After my son finished reading the play, we discussed it. It is a play about nothing. We did discuss that in light to the 20th century worldview.  However held in light to Comedia dell'Arte, it made so much more sense and was even funny. I grew up on reruns of Laurel and Hardy and other variety shows that employ stock characters from Comedia dell'Arte. As I read Waiting for Godot this time, I imagined the lead characters being portrayed by Laurel and Hardy and then it became quite funny!
Speaking of funny, my son and I agreed that Sesame Street's Monsterpiece Theater version of Waiting for Godot outdid all the other theatrical versions we watched! Enjoy!

Friday, May 23, 2014

Learning about Oliver North as we Studied the Reagan Years

My key choice for reading material during our study of the Reagan years in my son's senior year was Oliver North's autobiography, Under Fire: An American Story.  This was in fact my second time to read the book so I knew my son would enjoy it. I remember watching the Iran-Contra hearings with my family the summer of 1987. Before I knew what primary source documents were, I was heavily influenced by watching a primary source document unfold in front of my eyes and thousands more Americans, instead of relying on biased media.  As we watched hour after hour of grueling redundantly pointless questioning that dangerously unveiled to the public national secrets and endangered lives, many in America formed their opinion. As a result thousands of people stood outside the hearings to cheer North on. Thousands of telegrams of support poured in to support him as well.

Through the book we learn of North's background and of his education at the Naval Academy, which was delayed due to various severe injuries from a traffic accident. One of his hospital mates was future Dallas Cowboy Roger Staubach! North tells about how he became a Christian.We learned of his service in Vietnam where he earned several medals, including two Purple Hearts.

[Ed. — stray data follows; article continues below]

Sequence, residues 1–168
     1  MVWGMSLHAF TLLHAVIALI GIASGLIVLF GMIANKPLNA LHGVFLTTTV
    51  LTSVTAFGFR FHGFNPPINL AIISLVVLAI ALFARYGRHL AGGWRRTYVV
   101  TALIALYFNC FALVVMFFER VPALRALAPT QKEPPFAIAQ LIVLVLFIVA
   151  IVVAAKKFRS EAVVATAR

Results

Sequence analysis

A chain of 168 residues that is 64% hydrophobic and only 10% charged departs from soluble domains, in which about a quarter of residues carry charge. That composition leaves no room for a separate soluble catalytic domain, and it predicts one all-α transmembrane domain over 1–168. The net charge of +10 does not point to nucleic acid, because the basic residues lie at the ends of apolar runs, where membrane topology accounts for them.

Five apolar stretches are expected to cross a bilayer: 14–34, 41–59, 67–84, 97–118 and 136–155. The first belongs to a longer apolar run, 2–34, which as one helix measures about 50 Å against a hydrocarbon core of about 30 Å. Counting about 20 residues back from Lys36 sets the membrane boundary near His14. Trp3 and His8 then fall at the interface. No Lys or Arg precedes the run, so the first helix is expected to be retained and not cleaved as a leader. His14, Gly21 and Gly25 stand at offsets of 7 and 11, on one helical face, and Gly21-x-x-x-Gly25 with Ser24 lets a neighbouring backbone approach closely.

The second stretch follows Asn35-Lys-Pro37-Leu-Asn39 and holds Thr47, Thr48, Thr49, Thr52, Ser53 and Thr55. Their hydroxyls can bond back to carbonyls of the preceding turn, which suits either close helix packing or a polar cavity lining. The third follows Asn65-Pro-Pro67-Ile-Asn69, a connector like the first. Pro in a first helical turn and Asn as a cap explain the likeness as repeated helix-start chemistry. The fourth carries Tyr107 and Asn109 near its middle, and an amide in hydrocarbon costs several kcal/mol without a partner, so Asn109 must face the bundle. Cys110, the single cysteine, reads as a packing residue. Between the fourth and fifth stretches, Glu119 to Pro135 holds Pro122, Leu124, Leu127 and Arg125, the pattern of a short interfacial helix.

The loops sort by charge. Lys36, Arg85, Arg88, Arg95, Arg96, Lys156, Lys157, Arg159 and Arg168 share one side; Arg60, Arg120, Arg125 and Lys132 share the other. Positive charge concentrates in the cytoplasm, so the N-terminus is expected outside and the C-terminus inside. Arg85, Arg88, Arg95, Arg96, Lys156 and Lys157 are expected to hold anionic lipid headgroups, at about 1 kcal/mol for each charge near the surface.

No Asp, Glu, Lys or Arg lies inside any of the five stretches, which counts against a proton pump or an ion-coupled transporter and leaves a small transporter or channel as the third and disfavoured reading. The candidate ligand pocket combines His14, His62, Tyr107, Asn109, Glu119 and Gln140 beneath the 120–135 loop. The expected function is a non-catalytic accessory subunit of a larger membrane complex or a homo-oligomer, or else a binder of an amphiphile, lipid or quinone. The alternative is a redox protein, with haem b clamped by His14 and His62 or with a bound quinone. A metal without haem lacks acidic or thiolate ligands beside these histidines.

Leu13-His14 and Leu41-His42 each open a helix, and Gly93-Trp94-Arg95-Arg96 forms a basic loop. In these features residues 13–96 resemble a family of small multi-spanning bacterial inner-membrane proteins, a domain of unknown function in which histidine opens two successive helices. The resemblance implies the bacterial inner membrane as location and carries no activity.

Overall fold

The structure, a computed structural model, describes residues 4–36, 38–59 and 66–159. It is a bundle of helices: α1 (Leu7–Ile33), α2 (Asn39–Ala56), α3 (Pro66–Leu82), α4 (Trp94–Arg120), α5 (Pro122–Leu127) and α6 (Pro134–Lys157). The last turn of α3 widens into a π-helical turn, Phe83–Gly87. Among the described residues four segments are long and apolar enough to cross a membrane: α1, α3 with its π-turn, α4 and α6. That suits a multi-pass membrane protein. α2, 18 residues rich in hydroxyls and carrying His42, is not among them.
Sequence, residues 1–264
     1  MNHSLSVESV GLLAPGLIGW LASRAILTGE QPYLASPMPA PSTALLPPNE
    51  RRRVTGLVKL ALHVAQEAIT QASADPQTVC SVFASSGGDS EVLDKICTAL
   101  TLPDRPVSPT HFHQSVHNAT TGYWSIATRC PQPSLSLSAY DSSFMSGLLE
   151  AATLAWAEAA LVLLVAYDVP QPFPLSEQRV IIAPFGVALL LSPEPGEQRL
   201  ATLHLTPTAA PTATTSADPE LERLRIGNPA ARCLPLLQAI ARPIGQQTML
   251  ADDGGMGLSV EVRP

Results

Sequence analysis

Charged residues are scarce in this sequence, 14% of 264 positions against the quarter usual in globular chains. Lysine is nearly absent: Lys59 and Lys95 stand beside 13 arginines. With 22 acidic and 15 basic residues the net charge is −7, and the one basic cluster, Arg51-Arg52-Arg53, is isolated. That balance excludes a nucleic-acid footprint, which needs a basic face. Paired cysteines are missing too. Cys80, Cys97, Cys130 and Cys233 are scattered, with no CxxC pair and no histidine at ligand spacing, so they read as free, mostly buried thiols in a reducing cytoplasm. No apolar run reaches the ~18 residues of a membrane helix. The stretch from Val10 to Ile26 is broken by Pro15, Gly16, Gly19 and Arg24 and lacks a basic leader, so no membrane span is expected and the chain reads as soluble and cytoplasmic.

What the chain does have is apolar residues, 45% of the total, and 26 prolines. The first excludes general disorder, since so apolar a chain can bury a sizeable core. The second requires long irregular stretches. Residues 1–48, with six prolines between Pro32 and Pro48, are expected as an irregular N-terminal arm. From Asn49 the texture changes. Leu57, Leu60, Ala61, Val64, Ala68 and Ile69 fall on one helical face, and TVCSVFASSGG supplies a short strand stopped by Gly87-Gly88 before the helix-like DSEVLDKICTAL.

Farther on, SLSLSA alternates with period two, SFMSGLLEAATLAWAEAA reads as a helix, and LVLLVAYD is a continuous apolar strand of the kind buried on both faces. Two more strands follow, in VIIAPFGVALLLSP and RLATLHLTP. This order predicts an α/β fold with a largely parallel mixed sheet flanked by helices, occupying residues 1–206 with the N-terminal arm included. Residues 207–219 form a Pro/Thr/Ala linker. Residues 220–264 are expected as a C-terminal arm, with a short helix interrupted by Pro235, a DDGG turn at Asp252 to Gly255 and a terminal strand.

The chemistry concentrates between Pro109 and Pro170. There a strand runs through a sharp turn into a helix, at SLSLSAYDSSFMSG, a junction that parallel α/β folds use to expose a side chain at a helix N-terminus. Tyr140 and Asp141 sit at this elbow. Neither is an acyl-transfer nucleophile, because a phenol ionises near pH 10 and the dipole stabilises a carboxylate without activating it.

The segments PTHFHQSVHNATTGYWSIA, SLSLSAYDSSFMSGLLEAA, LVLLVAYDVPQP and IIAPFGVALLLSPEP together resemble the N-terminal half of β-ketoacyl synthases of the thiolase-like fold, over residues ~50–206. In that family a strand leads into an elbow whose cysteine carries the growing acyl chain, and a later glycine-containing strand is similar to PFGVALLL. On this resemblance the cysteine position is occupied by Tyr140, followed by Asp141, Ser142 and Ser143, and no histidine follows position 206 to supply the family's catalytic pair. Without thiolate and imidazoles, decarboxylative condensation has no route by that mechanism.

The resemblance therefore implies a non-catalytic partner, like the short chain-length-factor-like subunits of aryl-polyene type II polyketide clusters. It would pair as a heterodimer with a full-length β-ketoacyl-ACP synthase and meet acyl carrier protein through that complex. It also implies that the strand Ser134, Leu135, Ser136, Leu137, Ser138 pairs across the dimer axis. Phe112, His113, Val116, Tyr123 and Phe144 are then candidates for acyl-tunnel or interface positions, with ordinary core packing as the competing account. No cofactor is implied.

Because of the time frame covered, we kept to our classical education goals by reading this 400+ page tome in parts. For example we read about his Academy and Vietnam years when we studied the 1960's-70's, then we saved the years he served with the National Security Council when we studied the 1980's.

The drama builds as we read of his assignment to the National Security Council where he worked to coordinate counter-terrorism (whle learning on the go) and often helping to rescue American captives in the process. During the Cold War the ultimate war was to fight Communism and work with then present allies.

Through it all, North shares that despite the precarious situation he was placed in, he will always be greatful that President Reagan fought communism and ultimately ended it. Because of Reagan, North relates, the world became a safer place for his children...for us...and for all.

Nevertheless he had to face Congress. North vividly recreates the frustrating scene in his book. Wanting to prove the intensity of the drama, I found some video clips to show my son. The descriptions were spot on to my memory and the details of the book. 

Here is one from C-Span July 7, 1987.

Here is one from the next day, July 8, 1987

While North awaited the results of the later trial, his pastor read from North's well-worn Bible, that had traveled from Tehran to trial:
"Surely He will save you from the fowler's snare
     and from the deadly pestilence.
He will cover you with His feathers,
     and under His wings you will find refuge;
     His faithfulness will be your shield and rampart." -Psalm 91

Today Oliver North is the author of 13 New York Times' best sellers, including personal stories of military heroes as well as spy novels! He's also a professional speaker to private groups. He can also be seen on Fox hosting his series, "War Stories."

Military Tatoo-Part IV Drummers Call 2014 CW















Thursday, May 22, 2014

May Gardens at Colonial Williamsburg

It's been such a busy summer, I still haven't shared all of my photos of our visit to Colonial Williamsburg last May.  Even though the kids are now in college and I should have extra time, I've been too sad about not homeschooling anymore to be motivated to do much with the blog. But now that autumn is about to descend upon Virginia, perhaps show off the pictures of spring.